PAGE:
CONFERENCE REVIEW

Oct. 1, 1996
ISSY LES MOULINEAUX, FRANCE--Several high-frequency acousto-optic devices based on gallium arsenide (GaAs) and indium phosphide (InP) have been designed and tested by researchers at France Telecom and CNET (Paris, France). In the 1.3- and 1.5-µm wavelength ranges, the devices exhibit a significant increase in acousto-optic properties at near-resonance conditions. Using lithium niobate (LiNbO3) transducer technology with central frequencies of 800 MH¥and 8 GHz, researchers demonstrated th

CONFERENCE REVIEW

Semiconductors improve A-O device performance

Roland Roux

ISSY LES MOULINEAUX, FRANCE--Several high-frequency acousto-optic devices based on gallium arsenide (GaAs) and indium phosphide (InP) have been designed and tested by researchers at France Telecom and CNET (Paris, France). In the 1.3- and 1.5-µm wavelength ranges, the devices exhibit a significant increase in acousto-optic properties at near-resonance conditions. Using lithium niobate (LiNbO3) transducer technology with central frequencies of 800 MH¥and 8 GHz, researchers demonstrated that 100% of transmitted light can be deflected in a pulse. These results can be extended to other III-V and II-VI (binary, ternary, and quaternary) bulk and integrated components of acousto-optic devices.

This report was presented at the 10th topical meeting of the European Optical Society (Advances in Acousto-Optics AA-O `96, June 6-7, 1996) held at CNET in Issy les Moulineaux. The conference covered all aspects of interactions between ultrasound and light for a range of applications such as modulation-deflection, new materials characterization, and ultrasound generation.

A grou¥from the Institut d`Electronique et de Micro-Electronique du Nord Université de Valencienne (France) reported attempts to fabricate an acousto-optic deflector for laser gyroscopic applications. In this device two acousto-optic interactions occur successively in order to obtain simultaneous frequency variation in opposite directions (see figure). The paper confirms that this approach allows easier and better measurement accuracy than with conventional components.

In the field of spectral analysis, a wideband multichannel acousto-optic spectrometer for radio astronomy at millimeter and submillimeter wavelengths was described by researchers from Photonic Systems Incorporated, (Melbourne, FL). Their four-channel spectrometer can process signals from four separate sources simultaneously. The bandwidth of each channel is 1 GH¥with a frequency resolution of 1 MHz, thus providing simultaneous processing of more than 4000 1-MH¥channels.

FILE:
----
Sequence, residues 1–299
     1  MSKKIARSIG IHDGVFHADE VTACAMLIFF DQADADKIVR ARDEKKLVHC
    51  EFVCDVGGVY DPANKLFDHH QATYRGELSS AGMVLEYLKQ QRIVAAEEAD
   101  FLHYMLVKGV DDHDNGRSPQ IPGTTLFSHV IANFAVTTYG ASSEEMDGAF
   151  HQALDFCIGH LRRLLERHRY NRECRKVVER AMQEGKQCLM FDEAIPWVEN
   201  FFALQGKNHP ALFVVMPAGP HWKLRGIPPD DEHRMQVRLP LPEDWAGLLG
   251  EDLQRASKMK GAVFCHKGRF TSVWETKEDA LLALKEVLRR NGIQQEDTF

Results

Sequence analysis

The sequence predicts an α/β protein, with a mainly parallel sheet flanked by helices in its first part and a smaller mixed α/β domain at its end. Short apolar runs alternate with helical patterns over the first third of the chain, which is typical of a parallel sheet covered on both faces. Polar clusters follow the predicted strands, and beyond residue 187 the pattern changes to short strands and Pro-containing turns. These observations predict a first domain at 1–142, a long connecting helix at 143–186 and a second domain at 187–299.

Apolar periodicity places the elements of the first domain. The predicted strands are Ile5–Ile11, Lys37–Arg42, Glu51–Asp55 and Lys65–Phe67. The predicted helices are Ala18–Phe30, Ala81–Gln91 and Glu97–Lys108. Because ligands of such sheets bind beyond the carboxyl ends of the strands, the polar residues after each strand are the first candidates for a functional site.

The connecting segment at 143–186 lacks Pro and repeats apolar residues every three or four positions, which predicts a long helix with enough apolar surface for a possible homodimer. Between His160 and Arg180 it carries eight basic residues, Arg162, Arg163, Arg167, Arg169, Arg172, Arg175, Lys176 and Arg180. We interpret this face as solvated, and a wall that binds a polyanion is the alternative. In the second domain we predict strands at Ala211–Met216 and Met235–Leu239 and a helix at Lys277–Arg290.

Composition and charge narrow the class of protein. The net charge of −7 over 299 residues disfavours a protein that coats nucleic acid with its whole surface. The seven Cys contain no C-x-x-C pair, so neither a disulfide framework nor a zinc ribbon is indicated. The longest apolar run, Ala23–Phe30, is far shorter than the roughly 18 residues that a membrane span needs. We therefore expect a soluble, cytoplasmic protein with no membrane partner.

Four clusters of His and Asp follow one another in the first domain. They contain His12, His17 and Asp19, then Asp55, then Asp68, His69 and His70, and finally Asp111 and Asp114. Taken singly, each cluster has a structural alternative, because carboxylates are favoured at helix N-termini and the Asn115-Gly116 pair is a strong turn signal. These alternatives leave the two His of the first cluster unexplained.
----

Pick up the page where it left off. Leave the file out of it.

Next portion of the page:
In a session on acousto-optic tunable filters, researchers from ALENIA Research Division (Rome, Italy), discussed a high-resolution integrated optical acousto-optic tunable filter (AOTF) based on a LiNbO3 crystal operating in the 1.5- and 1.3-µm ranges with FWHM of less than 0.45 nm at 1.35 µm. The device can be used in fiberoptic multiple-wavelength communications to multiplex and demultiplex the signals, as well as in fiberoptic Bragg grating sensors for optical signal processing and as a high-resolution high-speed optical spectrometer.

Researchers from the Lasers and Optical Systems Engineering Centre, University of Glasgow (Glasgow, UK), described an automated page-oriented angle-multiplexed volume holographic memory recording system; a photorefractive crystal, Fe:LiNbO3, was the optical memory medium. This system is part of a larger high-speed hybrid optical and electronic correlator under construction.

According to the authors of a report from Science and Production Corporation "Vega M" (Moscow, Russia), combining holography with acousto-optics provides a memory system with high capacity and high data-access rates. The time integrating and collinear heterodyning of holograms eliminates signal crosstalk and permits low-power CW lasers to be used effectively. This device can be successfully applied in television and other wideband radio engineering systems.

The conference was organized by the Societé Françoise d`Optique (SFO) and the European Optical Society (EOS); sponsors included the Centre National d`Etudes des Telecommunications (CNET), Delegation Generale a l`Azurement (DRET/DGA), Automates et Automatisme (St. Remy las Chevreuses, France), and Coherent SA (Orsay, France).

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